Lily Allen: It’s not me, it’s you

Cheeky and outspoken London singer-songwriter Lily Allen looks the part of a carefree party girl ready for a night out on the town so it is hard to imagine her, even a little, as the forlorn mum she feels like. Sometimes the plain speaking is disconcerting for the politically-correct-verging-on-hypocritically-intolerant listener but the no-nonsense audience will filter through the not-always-comfortable form. Lily says it as she feels it and means it, and so she writes and sings it. So what sometimes looks like a hint of lightness if not naivety, like her  unapologetic honesty and the conviction and fight for her ideas, is bound to take on some heavier duty, well deeper meaning at least, in the ear of the discerning listener or the adoring fan.  The thing is that when it comes to bringing up children, no amount of self-confidence can be unshaken by the new perspective, almost lost to our grown-up minds, and it is a pleasure to see how, to some extent, this brought a different lightness to the musical ways of the singer and lyricist. Her choices of covers, often enough involving a certain band named Keane, also establishes what is, not only her taste, but the underlying flesh of a skin not as tough as it might appear.

Lily Allen in ten songs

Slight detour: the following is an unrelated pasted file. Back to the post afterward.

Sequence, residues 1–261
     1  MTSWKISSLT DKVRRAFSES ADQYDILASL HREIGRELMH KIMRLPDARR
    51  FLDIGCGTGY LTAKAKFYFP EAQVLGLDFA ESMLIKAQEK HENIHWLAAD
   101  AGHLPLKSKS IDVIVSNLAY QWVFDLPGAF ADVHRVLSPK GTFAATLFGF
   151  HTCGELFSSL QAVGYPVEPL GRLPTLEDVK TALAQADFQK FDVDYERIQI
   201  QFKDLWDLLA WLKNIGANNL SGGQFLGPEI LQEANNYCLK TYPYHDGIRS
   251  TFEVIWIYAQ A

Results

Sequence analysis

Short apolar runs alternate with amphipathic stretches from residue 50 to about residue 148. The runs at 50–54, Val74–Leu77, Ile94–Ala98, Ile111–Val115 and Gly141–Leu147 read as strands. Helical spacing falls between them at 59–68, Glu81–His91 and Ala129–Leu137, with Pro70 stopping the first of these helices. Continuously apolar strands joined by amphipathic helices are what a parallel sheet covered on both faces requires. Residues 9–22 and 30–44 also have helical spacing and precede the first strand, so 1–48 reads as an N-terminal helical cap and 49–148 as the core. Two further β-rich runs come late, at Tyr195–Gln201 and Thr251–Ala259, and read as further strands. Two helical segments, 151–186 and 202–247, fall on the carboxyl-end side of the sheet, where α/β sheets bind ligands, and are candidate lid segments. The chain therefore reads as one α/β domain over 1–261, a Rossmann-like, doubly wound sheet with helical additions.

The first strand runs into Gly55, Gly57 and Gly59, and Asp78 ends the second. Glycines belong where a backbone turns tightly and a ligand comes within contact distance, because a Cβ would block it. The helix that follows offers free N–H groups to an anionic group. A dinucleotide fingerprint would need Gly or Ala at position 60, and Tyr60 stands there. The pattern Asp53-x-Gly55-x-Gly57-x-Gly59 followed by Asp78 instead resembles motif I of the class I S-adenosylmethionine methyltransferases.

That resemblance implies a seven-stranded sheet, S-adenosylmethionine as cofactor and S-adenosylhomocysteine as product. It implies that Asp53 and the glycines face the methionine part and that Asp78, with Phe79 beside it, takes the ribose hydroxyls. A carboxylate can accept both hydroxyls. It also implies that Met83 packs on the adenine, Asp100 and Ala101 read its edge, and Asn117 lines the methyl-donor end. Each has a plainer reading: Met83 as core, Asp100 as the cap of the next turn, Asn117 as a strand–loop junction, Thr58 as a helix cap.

1. Smile The song that made Allen known to the UK and the world unveils the cheekiness and sometimes sarcasm in a deceivingly innocent tone on a bed of light and well instrumented Reggae rhythm 2. Air Balloon Often perceived as a pop lightweight compared to her previous efforts, this is nonetheless a plaisant well-produced track fitting within the contemporary culture without departing too drastically from Lily’s and a good second single for a third ever controversial studio album Sheezus 3. Everybody’s changing – This track was made popular by Keane and written by Tim Rice-Oxley, Tom Chaplin and Richard Hughes. This is one of the songs that Lily covered from the band. Other renditions include Womanizer the song popularised by Britney Spears and Who’d Have Known which is a melody better known as sung by Take That on which Lily Allen puts her own lyrics. 4. Sheezus Even through hard out Here is the critically-acclaimed lead single of Allen’s album Sheezus released 17 November 2013 thanks to its feminist themes were as praised as its perceived racist video, it is the title track (only promotionally released) that truly shows Allen’s colours with this anthem of anti-pop cultural heights sarcastically depicting some aspects from the wink at Kanye West to the mentions of current pop “queens”. There is no doubt, we miss the more alternative less pop sounds of Lily Allen but I am guessing that this album was a question of literally doubling have a go at the pop industry, so, well done. 5.  LDN The Jamaican ska music, reggae and hip hop influences on her first album, brought about in her childhood by a family friend, shows again in one its hit singles here with the ska-infused LDN. 6. Not fair – A cheeky little Americana-infused number because of the addition of a great rhythm that cannot help but make us want to line-dancing. Definitely worth a listen for a definite lesson in what a girl wants 😉 , a shake and a couple more reflections 🙂 7. Alfie Not the only song about Lily’s concern about drugs (with Everyone’s At It) but this time showcases how close to home it was. The song includes a sample of the song Puppet on a string by Sandie Shaw (Eurovision entry and winner in 1967), a theme that is transferred onto the video to describe the imagery of a person on drugs. 8. F** you A dance pop number and an anthem for its anti-homophobic and anti-hateful lyrics, which meant we would not leave it out 9. The Fear (Acoustic)  A number one in the UK, the Fear faired well making the Billboard 100 and various European charts. Irrevocably confirming Allen’s lyrically satiric prowess, it also packs a punch with great production and a catchy melody all surfed on by a deceptively sweet voice. 10. Somewhere Only We Know Another Keane’s track covered by Allen, this song was recorded for the John Lewis Christmas advert, a yearly UK tradition that kindles curiosity as to whose vocals would next grace the campaign as they have the tendency to make the number one spot on the UK singles charts, which this one did not miss 24th of November 2013. A portion of the song’s sales were donated to Save the Children’s Philippine Typhoon Appeal campaign.

 

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